Do you remember your first encounter with a dog? That instance when you feel the softness of his fur, the gentleness of his nose bumps, and how sticky his licks were (EXPERIENCE VARY!)
Sometimes, all you need, after a bad day at work or school, is just a nice warm hug from your loyal fur buddies.
If you've never tried, do it. You'll not regret the power of dog love.
But there is a note of caution that I must add: There is actually an IMPROPER way of giving affection!
What I mean by improper is that your dog might mistake your love and touches as a form of weakness or subservience to your dog.
One must understand that touch is something quite big for a dog. In the wild, dogs use touch as a display of both affection and dominance.
So everytime you experience dog affection, they ether really love you, or are asserting dominance over you.
That's why sometimes, depending on body language, your dog will put his paw on you as a sign of him dominating you. Don't mistake dog love for dominance sometimes!
In short, dogs are not the little 'humans' we think they are. Their thought processes are VASTLY DIFFERENT from us humans!
Dogs are animals that is based mostly on instinct - to survive and reproduce - and that they rely on the owners as the leader of their pack. Which is why being the pack leader is so important!
If they sense that you're not 'strong' enough to lead them, they might just take charge (which leads back to the dominant dog paws on you)
Of course, you have to do your research. There are dogs that belong in the 'gentle dog breeds' category - meaning these dogs love affection. These explains why dogs cuddle as well.
So what happens when they're 'in charge'? They'll boss you around. When you take their food bowl away, they snarl and snap at you. You get the picture.
All because you *MIGHT* have given affection in situations that doesn't warrant it, in perhaps a different state of mind/energy level, over the course of weeks.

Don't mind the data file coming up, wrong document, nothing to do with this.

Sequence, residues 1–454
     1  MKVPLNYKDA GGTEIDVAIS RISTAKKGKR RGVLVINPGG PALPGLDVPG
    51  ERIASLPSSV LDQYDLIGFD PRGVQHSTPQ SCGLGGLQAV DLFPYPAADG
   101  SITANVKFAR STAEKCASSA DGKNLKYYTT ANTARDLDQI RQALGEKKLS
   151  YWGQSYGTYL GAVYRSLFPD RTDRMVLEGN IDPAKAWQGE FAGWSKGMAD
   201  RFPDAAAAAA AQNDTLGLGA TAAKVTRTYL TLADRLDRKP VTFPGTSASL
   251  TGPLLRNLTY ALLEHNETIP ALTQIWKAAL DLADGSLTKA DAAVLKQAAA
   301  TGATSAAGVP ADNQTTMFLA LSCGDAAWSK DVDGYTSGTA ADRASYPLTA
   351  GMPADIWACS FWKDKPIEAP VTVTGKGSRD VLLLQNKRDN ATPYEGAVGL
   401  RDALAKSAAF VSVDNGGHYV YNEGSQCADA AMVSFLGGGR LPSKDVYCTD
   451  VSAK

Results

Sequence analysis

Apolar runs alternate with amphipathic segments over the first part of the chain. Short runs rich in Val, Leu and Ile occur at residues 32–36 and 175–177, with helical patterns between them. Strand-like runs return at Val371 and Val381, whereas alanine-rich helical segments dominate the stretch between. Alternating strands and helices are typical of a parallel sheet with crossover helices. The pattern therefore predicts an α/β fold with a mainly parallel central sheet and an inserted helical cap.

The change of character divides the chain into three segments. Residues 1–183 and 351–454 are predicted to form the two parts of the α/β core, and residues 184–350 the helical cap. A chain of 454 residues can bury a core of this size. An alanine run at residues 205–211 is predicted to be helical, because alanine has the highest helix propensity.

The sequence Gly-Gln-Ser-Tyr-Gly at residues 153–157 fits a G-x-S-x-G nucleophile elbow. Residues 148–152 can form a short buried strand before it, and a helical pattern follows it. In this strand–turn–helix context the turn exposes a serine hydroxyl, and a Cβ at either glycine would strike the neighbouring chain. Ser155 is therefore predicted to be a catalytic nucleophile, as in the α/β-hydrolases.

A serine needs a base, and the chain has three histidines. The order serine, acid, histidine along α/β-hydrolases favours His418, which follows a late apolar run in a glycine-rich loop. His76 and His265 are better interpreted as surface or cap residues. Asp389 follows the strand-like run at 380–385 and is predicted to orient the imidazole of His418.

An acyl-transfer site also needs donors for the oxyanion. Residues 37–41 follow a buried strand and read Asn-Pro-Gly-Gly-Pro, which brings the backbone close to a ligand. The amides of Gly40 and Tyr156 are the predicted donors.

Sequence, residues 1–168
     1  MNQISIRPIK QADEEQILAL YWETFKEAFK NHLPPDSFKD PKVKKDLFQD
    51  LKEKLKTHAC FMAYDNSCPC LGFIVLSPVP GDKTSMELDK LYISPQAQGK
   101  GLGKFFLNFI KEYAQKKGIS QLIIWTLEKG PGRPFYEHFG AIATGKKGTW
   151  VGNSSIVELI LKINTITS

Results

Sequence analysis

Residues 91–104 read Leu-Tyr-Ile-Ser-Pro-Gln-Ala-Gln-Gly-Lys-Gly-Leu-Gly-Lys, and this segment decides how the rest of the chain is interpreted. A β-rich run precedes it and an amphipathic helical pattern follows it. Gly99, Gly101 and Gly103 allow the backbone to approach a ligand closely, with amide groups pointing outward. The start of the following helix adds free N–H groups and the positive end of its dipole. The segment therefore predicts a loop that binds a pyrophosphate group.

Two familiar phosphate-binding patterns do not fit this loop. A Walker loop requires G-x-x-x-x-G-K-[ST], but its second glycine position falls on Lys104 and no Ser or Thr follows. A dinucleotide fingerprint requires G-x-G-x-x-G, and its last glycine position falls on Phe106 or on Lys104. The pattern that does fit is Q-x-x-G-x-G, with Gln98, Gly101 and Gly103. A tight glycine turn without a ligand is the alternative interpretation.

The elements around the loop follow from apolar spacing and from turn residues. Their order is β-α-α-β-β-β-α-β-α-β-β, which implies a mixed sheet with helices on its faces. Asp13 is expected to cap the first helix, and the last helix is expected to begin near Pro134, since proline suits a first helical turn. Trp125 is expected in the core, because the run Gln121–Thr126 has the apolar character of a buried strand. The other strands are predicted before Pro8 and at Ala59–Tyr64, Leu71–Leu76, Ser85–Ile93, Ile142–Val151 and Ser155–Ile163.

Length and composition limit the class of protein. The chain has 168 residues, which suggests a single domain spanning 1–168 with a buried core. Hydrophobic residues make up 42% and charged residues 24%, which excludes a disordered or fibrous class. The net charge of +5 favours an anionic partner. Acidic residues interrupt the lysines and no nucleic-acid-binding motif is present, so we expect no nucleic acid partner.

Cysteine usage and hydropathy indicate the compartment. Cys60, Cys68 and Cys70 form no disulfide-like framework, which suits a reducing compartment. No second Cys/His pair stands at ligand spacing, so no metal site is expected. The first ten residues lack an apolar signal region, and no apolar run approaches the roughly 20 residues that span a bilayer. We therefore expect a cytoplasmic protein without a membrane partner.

A few pointers for you to note will be first to observe yourself: How do you behave when your dog say, eats?
If he shows his teeth when you're taking away his food bowl, what do you do? Shout? Pat his head? These are obviously big no-nos to do.
What are you rewarding your dog for? If he comes up to you, whining for treats, do you oblige and give him because of that pouty, puppy-dog eyes?
Yeah, we get it, those eyes are too cute to resist. I know, I've given in before to those eyes oops. However, in giving in (too often at least), you become his servant, and he becomes your owner. You get the idea.
So anyway, allow me to share some tips for you when you're going to give affection to your dog(s):-
- Always be mindful of the state you're in when you're giving affection to your dog. If you're excited, chances are so will your dog. When your dog is excited, he will be harder to control.
So be a little careful when giving praise then. Best case would be to reward/give affection to your dog after he's done what you asked of him in a calm state.
That would often lead your dog to associate affection with being calm and doing what you want.
- Don't share affection when your dog is in any state that is not calm! (i.e. Anxious, dominant, aggressive, whining etc.)
- BE THE PACK LEADER. I cannot overstate this enough. Once they dominate you, it becomes much tougher to take back the reins and control your dog.
- Of course when your dog is calm, and has done what you want, you can lavish lots of love on your dog (or as much as your dog giving you love by waking you at 6am everyday on your bed)
- Exercise your dog! This often goes hand-in-hand with a calm dog (if your dog is tired, what are the odds of him being in a high energy state right?).
This is not to say to immediately give affection though; when your dog is tired, you can always issue commands to your dog. Should he do well, then of course you can give affection.
Sometimes, dog love and dog affection isn't so straightforward for us. But armed with these simple tips, it'll make it much easier to love your dog!
However, if you're still having a little bit of trouble with your dogs, you could have a look at lessons and other help here.